Cryptoxanthin

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Cryptoxanthin[1]
Cryptoxanthin
Chemical name (R)-3,5,5-Trimethyl-4-[3,7,12,16-
tetramethyl-18-(2,6,6-trimethylcyclohex-
1-enyl)-octadeca-1,3,5,7,9,11,13,15,17-
nonaenyl]-cyclohex-3-enol
Other names (3R)-β,β-Caroten-3-ol
Cryptoxanthol
Caricaxanthin
(R)-all-trans-β-Caroten-3-ol
Hydroxy-β-carotene
Chemical formula C40H56O
Molecular mass 552.85 g/mol
CAS number [472-70-8]
Density  ? g/cm3
Melting point 169 °C
SMILES CC1(C)C[C@@H](O)CC(C)=C1/C=C/C
(C)=C/C=C/C(C)=C/C=C/C=C(C)/C
=C/C=C(C)/C=C/C2=C(C)CCCC(C)2C
Disclaimer and references

Cryptoxanthin is a natural carotenoid pigment. It has been isolated from a variety of sources including the petals and flowers of plants in the genus Physalis, orange rind, papaya, egg yolk, butter, and bovine blood serum.[1]

Chemistry

Structurally, cryptoxanthin is closely related to beta-carotene, with only the addition of a hydroxyl group. It is a member of the class of carotenoids known as xanthophylls.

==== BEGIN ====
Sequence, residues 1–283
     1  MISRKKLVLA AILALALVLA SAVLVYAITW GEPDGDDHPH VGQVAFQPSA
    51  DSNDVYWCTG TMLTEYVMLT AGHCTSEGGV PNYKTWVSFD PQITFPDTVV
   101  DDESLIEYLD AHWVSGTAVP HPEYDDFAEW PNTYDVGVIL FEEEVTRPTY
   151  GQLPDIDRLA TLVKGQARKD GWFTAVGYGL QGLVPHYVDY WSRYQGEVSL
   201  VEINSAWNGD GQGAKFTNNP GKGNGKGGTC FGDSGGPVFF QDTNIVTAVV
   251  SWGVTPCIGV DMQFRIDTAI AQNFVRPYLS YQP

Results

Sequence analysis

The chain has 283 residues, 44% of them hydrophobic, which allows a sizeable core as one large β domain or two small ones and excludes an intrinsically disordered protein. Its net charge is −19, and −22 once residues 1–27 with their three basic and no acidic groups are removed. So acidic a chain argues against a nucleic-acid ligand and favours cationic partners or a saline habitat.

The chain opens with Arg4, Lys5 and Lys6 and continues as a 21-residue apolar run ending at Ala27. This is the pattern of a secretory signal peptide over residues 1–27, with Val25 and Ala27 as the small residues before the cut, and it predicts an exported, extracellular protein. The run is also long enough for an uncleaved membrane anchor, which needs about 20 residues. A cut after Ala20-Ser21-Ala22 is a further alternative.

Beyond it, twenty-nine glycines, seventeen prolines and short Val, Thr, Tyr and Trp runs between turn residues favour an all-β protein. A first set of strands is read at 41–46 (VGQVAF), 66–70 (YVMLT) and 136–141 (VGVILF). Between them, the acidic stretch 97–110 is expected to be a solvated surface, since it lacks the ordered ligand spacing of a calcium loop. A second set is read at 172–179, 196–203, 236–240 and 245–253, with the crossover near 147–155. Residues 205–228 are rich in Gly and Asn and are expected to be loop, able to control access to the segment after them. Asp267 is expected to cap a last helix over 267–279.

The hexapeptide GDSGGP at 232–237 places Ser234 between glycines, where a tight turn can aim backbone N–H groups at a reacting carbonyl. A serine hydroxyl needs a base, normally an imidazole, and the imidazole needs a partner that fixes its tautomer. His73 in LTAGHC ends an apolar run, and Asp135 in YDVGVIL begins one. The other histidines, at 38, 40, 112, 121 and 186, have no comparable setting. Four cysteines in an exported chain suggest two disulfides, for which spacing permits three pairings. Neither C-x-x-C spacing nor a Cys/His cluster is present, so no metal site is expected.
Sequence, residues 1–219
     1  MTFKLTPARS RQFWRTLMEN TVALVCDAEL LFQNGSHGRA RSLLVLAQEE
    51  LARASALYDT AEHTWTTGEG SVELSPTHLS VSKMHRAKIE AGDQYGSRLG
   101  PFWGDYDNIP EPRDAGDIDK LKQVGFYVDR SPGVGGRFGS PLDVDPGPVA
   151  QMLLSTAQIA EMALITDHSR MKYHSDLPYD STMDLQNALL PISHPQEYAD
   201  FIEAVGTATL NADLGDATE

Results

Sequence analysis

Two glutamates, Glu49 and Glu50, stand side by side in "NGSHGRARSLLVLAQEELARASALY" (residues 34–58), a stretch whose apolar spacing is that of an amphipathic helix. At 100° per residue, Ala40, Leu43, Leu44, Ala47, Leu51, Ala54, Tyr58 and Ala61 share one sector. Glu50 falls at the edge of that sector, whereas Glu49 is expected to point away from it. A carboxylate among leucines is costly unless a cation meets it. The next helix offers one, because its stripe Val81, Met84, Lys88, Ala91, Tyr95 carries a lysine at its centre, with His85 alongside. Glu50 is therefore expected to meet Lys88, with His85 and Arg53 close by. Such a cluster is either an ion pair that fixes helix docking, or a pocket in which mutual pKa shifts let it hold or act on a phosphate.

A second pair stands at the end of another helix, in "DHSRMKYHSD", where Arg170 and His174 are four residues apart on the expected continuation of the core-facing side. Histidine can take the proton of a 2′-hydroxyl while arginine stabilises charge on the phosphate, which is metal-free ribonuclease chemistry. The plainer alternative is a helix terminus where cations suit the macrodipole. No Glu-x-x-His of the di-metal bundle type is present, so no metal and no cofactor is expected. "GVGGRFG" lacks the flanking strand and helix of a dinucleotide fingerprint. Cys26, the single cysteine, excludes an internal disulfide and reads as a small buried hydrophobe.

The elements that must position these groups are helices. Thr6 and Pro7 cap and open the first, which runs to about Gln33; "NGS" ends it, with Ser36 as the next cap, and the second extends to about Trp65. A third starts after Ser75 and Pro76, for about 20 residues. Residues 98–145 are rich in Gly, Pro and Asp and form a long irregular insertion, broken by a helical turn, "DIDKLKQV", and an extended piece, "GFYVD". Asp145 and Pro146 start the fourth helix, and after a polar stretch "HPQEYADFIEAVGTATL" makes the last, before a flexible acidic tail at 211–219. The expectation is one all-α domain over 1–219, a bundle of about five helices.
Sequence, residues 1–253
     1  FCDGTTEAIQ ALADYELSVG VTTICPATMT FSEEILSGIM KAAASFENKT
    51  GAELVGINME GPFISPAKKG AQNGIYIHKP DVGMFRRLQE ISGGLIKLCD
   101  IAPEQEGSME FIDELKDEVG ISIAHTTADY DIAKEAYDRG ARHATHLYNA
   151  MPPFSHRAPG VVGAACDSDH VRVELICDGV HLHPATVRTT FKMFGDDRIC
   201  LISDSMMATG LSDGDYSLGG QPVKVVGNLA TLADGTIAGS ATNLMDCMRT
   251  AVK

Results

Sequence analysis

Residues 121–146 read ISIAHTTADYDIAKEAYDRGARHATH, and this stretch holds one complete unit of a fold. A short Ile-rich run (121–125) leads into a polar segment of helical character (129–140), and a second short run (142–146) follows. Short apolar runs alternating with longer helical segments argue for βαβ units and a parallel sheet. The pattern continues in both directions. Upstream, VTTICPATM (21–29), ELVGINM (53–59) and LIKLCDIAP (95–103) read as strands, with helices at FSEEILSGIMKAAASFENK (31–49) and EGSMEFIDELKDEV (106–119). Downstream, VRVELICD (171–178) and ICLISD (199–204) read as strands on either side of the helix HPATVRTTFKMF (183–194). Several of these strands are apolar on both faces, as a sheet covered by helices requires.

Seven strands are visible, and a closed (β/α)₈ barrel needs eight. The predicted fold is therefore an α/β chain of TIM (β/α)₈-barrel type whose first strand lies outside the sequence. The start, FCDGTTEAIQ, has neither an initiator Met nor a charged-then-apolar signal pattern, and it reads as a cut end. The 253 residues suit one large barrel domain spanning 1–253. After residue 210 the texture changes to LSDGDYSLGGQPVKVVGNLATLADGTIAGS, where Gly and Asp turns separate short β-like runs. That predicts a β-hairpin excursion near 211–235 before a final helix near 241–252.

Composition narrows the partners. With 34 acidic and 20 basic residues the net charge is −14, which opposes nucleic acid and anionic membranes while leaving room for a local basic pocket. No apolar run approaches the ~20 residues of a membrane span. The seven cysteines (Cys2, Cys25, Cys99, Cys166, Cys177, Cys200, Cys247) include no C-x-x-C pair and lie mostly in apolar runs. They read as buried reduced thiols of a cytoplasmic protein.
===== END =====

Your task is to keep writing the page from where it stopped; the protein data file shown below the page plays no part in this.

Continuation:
In a pure form, cryptoxanthin is a red crystalline solid with a metallic luster. It is freely soluble in chloroform, benzene, pyridine and carbon disulfide.[1]

Biology and medicine

In the human body, cryptoxanthin is converted to vitamin A (retinol) and is therefore considered a provitamin A. As with other carotenoids, cryptoxanthin is an antioxidant and may help prevent free radical damage to cells and DNA.

Recent findings of an inverse association between β-cryptoxanthin and lung cancer risk in several observational epidemiological studies suggest that β-cryptoxanthin could potentially act as a chemopreventive agent against lung cancer.[2]


References

  1. 1.0 1.1 1.2 Merck Index, 11th Edition, 2612.
  2. β-Cryptoxanthin suppresses the growth of immortalized human bronchial epithelial cells and non-small-cell lung cancer cells and up-regulates retinoic acid receptor b expression. Lian, Fuzhi; Hu, Kang-Quan; Russell, Robert M.; Wang, Xiang-Dong. International Journal of Cancer (2006), 119(9), 2084-2089.

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